In reviewing the Commissioner's final decision, the court is limited to determining whether the decision adheres to applicable legal standards and is supported by substantial evidence in the record as a whole. Berna v. Chater, 101 F.3d 631, 632 (10th Cir. 1996) (citation omitted); Pisciotta v. Astrue, 500 F.3d 1074, 1075 (10th Cir. 2007). The court may not reverse an ALJ simply because he may have reached a different result based on the record; the question instead is whether there is substantial evidence showing that the ALJ was justified in his decision. See Ellison v. Sullivan, 929 F.2d 534, 536 (10th Cir. 1990). “Substantial evidence is more than a mere scintilla and is such relevant evidence as a reasonable mind might accept as adequate to support a conclusion.” Flaherty v. Astrue, 515 F.3d 1067, 1070 (10th Cir. 2007) (internal citation omitted). Moreover, the court “may neither reweigh the evidence nor substitute [its] judgment for that of the agency.” White v. Massanari, 271 F.3d 1256, 1260 (10th Cir. 2001), as amended on denial of reh'g (April 5, 2002). See also Lax v. Astrue, 489 F.3d 1080, 1084 (10th Cir. 2007) (“The possibility of drawing two inconsistent conclusions from the evidence does not prevent an administrative agency's findings from being supported by substantial evidence.”) (internal quotation marks and citation omitted). However, “[e]vidence is not substantial if it is overwhelmed by other evidence in the record or constitutes mere conclusion.” Musgrave v. Sullivan, 966 F.2d 1371, 1374 (10th Cir. 1992) (internal citation omitted). The court will not “reweigh the evidence or retry the case, ” but must “meticulously examine the record as a whole, including anything that may undercut or detract from the ALJ's findings in order to determine if the substantiality test has been met.” Flaherty, 515 F.3d at 1070 (internal citation omitted). Nevertheless, “if the ALJ failed to apply the correct legal test, there is a ground for reversal apart from a lack of substantial evidence.” Thompson v. Sullivan, 987 F.2d 1482, 1487 (10th Cir. 1993) (internal citation omitted).


I. The ALJ’s Decision

An individual is eligible for SSI benefits under the Act if he is financially eligible, files an application for SSI, and is disabled as defined in the Act. 42 U.S.C. § 1382. An individual is determined to be under a disability only if his “physical or mental impairment or impairments are of such severity that he is not only unable to do his previous work but cannot, considering his age, education, and work experience, engage in any other kind of substantial gainful work which exists in the national economy….” 42 U.S.C. § 1382c(a)(1)(3)(B). The Social Security Disability Insurance Program established by Title II of the Social Security Act, 49 Stat. 622, as amended, 42 U.S.C. § 401 et seq., provides for the payment of disability benefits only to those who have previously contributed to the program and who suffer from a mental or physical disability. See Bowen v. City of New York, 476 U.S. 467, 470, 106 S.Ct. 2022, 90 L.Ed.2d 462 (1986). By contrast, the Supplemental Security Income Program, established by Title XVI of the Social Security Act, 86 Stat. 1465, as amended, 42 U.S.C. § 1381 et seq., provides for the payment of disability benefits based solely on an individual's indigent status and is therefore a need-based program available to claimants independent of their prior social security contributions. See Bowen, 476 U.S. at 470.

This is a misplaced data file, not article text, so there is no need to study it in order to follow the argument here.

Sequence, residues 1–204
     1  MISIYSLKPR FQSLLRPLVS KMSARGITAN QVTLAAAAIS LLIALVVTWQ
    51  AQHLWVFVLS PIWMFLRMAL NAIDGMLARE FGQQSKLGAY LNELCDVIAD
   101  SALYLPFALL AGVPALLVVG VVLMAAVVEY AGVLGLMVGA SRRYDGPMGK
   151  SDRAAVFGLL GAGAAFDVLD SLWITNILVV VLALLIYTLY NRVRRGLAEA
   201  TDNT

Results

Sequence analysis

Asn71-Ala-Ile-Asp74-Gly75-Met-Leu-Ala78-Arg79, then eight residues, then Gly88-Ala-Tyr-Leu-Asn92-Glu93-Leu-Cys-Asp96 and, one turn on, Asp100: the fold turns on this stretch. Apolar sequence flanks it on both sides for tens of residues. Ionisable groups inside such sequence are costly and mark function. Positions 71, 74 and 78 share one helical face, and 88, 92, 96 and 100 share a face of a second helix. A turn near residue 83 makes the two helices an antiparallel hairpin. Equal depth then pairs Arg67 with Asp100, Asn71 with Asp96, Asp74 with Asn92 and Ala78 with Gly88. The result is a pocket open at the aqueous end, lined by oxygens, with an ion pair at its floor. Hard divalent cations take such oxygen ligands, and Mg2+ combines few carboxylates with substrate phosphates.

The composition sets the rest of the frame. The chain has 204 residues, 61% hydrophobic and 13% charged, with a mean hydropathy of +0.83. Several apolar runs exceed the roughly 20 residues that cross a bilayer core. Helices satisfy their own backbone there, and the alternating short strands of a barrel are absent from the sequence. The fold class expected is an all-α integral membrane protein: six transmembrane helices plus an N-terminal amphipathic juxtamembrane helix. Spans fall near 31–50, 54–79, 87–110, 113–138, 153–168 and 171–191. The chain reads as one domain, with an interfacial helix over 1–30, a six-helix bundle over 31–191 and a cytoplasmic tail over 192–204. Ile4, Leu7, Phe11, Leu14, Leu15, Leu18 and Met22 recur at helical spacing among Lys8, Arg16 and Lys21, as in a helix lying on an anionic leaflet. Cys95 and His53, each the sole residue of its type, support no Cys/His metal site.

The Commissioner has developed a five-step evaluation process for determining whether a claimant is disabled under the Act. 20 C.F.R. § 416.920(a)(4). See also Williams v. Bowen, 844 F.2d 748, 750-52 (10th Cir. 1988) (describing the five steps in detail). “If a determination can be made at any of the steps that a claimant is or is not disabled, evaluation under a subsequent step is not necessary.” Williams, 844 F.2d at 750. Step one determines whether the claimant is engaged in substantial gainful activity; if so, disability benefits are denied. Id. Step two considers whether the claimant has a medically severe impairment or combination of impairments, as governed by the Secretary’s severity regulations. Id.; see also 20 C.F.R. § 416.909. If the claimant is unable to show that his impairments would have more than a minimal effect on his ability to do basic work activities, he is not eligible for disability benefits. If, however, the claimant presents medical evidence and makes the de minimis showing of medical severity, the decision maker proceeds to step three. Williams, 844 F.2d at 750. Step three “determines whether the impairment is equivalent to one of a number of listed impairments that the Secretary acknowledges are so severe as to preclude substantial gainful activity, ” pursuant to 20 C.F.R. § 416.920(a)(4)(iii). Id. At step four of the evaluation process, the ALJ must determine a claimant's Residual Functional Capacity (RFC), which defines what the claimant is still “functionally capable of doing on a regular and continuing basis, despite his impairments: the claimant's maximum sustained work capability.” Williams, 844 F.2d at 751. The ALJ compares the RFC to the claimant’s past relevant work to determine whether the claimant can resume such work. See Barnes v. Colvin, No. 14-1341, 2015 WL 3775669, at *2 (10th Cir. June 18, 2015) (internal quotation marks omitted) (citing Winfrey v. Chater, 92 F.3d 1017, 1023 (10th ...